boarding schools and intergenerational trauma


Lunch with one of my sisters and hearing her stories about boarding school adventures was enjoyable.  As she shared story I also thought about what I have read recently (and historically) about the boarding school experience. Granted my sister wasn’t talking so much about the negativity or disconnect with family that she is aware of, she shared stories of humor and how being away from home created an opportunity for her to meet and make friends with people from other Indigenous nations.

Being my older sister by 10 years, she’s has a few war stories to share and as I listened to students having access to substances and free for all fun while away from home-made it sound like a fun place to be… don’t get it twisted. She also shared how she wished for family time. While boarding schools may have been “fun” for some, for others it may not have been what it seemed. Although we laughed about her memories and adventures at boarding school, I also recalled reading stories of Nimiipuu and other Nations who have ancestors buried in the grave yards behind boarding school houses. A tragedy when one thinks of the genocidal acts boarding school had on Indigenous children. For a visual on this ugly part of US History that society is unaware of, the Heard Museum has a moving exhibit about the boarding school experience. It is not a display of happiness, in fact, when I visited with my then partner (who had an overwhelming feeling of emotion) as he recalled his experience, it was incredibly sad. In that is another story and my point is, when it comes to inter generational trauma related to boarding schools, triggers can occur at any given time. And having said that, it’s important to note, everyone has a unique experience. Not everybody shares the same story, however, within that is the reality and root of the disconnection to family, culture, and Indigenous ways of knowing as a result of boarding schools. They were essentially AND intentionally created as a form of segregated education.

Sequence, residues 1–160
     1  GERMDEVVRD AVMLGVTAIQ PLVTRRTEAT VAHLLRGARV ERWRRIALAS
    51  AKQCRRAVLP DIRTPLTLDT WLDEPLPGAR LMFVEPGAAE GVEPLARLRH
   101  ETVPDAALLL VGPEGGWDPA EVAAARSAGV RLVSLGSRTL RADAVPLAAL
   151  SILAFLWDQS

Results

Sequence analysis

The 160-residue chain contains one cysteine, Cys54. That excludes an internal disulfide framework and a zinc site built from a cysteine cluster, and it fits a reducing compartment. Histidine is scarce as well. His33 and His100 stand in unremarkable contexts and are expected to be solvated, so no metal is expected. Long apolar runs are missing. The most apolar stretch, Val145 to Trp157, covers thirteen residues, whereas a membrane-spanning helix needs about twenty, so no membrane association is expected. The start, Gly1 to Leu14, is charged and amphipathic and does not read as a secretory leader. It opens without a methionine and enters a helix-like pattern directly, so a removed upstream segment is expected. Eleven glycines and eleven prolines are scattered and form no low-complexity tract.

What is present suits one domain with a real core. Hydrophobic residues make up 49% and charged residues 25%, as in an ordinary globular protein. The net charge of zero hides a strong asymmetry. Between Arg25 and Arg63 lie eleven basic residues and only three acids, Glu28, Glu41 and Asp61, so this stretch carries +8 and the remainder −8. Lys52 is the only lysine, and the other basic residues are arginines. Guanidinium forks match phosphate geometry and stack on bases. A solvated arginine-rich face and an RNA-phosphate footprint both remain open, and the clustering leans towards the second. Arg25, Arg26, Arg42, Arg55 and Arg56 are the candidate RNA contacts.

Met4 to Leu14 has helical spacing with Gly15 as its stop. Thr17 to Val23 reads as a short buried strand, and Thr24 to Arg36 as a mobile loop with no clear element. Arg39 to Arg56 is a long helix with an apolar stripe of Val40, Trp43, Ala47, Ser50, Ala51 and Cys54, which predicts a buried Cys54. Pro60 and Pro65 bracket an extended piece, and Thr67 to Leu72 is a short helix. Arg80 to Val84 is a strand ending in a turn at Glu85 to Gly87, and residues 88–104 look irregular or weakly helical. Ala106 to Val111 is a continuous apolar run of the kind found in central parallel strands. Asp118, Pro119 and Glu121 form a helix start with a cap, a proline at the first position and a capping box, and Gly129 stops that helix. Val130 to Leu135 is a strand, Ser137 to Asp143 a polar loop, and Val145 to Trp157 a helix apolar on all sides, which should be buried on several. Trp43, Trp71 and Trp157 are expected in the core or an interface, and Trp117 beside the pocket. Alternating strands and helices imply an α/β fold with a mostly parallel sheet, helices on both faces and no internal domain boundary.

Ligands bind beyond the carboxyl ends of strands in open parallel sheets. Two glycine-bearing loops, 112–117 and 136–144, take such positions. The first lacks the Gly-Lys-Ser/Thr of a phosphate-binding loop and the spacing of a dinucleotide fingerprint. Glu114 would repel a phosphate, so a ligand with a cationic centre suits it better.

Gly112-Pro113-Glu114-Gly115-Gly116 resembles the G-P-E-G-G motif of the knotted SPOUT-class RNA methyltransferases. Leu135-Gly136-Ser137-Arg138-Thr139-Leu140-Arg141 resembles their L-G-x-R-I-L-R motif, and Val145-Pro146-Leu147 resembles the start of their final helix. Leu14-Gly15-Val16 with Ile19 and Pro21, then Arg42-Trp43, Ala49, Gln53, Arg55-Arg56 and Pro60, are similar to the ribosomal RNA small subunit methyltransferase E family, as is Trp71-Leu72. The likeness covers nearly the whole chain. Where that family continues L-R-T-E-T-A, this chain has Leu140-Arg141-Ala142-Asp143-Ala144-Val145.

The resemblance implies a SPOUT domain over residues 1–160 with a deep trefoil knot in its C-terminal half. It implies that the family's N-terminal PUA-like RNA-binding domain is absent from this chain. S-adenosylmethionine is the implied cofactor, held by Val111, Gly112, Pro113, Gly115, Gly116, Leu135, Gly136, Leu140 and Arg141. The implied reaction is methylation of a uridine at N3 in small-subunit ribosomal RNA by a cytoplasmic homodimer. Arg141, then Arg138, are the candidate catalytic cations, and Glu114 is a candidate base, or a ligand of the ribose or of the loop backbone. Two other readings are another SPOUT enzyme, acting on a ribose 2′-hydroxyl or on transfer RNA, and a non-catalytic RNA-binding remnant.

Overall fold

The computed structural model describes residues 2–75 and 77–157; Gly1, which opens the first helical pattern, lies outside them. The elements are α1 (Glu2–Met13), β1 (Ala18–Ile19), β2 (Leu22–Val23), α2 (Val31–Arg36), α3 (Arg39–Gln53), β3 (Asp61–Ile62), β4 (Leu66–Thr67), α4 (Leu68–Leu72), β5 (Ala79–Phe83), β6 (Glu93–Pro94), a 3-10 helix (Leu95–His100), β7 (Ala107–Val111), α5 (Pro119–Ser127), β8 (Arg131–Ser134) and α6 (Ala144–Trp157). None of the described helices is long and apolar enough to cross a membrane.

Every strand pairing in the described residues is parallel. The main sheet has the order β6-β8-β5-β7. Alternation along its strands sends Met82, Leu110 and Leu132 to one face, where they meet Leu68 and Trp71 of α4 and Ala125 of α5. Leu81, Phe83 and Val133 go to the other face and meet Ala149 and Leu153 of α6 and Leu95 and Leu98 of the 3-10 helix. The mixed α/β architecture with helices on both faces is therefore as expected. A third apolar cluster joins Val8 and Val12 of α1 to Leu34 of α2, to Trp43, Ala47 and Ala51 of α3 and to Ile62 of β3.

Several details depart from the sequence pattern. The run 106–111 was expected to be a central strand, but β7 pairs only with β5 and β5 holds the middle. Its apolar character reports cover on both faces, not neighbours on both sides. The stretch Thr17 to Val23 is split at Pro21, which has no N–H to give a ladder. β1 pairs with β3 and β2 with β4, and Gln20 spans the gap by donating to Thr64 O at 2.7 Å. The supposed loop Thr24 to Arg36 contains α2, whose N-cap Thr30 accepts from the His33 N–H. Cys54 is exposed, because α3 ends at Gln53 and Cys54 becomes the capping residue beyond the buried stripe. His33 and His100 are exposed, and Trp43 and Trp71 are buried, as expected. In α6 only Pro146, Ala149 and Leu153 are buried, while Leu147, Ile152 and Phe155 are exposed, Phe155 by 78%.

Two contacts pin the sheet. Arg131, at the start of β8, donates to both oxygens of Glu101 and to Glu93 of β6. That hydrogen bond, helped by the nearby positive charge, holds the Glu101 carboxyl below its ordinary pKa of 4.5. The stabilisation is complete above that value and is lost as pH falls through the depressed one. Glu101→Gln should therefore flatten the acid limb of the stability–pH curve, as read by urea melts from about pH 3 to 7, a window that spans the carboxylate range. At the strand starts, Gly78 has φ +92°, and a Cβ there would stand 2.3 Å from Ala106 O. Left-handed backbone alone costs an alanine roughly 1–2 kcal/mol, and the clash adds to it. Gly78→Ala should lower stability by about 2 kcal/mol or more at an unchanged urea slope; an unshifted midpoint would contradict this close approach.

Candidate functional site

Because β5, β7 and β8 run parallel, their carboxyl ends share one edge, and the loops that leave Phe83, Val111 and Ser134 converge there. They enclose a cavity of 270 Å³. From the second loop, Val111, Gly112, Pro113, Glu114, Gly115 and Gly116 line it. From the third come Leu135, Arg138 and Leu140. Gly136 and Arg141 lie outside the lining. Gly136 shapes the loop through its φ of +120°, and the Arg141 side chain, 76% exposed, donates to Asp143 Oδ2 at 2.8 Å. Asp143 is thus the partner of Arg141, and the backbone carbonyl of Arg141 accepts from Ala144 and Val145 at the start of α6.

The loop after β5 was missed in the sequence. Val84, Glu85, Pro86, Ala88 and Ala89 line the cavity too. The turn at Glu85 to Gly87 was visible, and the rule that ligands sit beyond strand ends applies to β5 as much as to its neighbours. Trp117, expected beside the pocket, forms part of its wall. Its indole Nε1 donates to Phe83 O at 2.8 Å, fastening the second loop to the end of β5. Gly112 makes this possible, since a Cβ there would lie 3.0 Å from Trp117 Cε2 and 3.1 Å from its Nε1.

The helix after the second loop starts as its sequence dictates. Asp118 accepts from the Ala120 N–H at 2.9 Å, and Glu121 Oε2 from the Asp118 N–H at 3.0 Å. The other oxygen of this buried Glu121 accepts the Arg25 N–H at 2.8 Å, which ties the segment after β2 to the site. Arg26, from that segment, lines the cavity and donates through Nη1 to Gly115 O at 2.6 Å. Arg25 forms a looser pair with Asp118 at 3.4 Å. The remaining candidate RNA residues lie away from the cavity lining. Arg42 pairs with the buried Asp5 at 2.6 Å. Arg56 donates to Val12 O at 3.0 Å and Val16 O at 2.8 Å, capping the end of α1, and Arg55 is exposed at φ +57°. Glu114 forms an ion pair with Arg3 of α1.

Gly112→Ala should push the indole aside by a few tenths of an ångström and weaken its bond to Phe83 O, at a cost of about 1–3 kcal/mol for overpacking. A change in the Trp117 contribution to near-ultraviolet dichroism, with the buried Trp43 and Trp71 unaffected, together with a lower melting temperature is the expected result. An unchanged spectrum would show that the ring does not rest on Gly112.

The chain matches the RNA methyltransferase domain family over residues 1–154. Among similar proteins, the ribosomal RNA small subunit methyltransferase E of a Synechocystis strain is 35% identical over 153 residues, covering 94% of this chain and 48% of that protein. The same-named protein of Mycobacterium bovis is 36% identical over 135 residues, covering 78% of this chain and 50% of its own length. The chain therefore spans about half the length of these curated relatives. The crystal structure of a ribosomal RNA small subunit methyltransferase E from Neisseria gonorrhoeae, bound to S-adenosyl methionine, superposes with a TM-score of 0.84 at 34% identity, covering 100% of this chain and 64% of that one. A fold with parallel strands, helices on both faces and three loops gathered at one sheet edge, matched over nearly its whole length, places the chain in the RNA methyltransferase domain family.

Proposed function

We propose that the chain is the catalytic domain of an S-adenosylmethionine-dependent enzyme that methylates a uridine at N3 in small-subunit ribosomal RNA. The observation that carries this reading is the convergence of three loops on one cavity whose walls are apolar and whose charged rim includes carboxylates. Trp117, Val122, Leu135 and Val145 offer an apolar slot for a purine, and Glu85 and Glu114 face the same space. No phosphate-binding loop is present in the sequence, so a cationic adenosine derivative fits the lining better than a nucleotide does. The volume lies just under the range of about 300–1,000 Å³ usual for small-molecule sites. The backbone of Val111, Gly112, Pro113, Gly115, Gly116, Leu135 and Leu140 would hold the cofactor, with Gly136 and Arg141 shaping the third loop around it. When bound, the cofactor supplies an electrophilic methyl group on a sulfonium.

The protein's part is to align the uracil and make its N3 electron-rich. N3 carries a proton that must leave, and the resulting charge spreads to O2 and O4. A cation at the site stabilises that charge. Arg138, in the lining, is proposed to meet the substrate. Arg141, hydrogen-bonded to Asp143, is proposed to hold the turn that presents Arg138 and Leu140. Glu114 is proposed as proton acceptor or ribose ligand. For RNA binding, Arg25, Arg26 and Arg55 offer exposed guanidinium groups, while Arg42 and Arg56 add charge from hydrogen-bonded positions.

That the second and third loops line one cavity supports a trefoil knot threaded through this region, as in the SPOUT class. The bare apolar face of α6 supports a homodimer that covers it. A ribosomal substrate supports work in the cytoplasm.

Although I attended boarding school, my experience was entirely different from my sister’s. I attended a federally run boarding school as a day student and child of an employee. The “perk” if there was one was that when school ended at 3:00 (or when it was they let us out) it was that I got to walk home. However, the kids from rural areas of the Rez could not. Parents who could drop their kids off on a Sunday evening and pick them up on Friday were fortunate, it was those who did not have transportation that did not get to see their child as often. The kids who were left, not because their parents did not want to see them, did not have a choice. As I think about how I missed my parents when they left town, I couldn’t imagine being a kid away from home in the comforts of home. Again, my experience was much more different from my older siblings and cousins, even my parents and grand parents. What my sister shared was that she was one of those students who could not leave every weekend. The experience made her resilient and adaptable, however she’s also found she has feelings about the boarding school, it wasn’t all fun and games.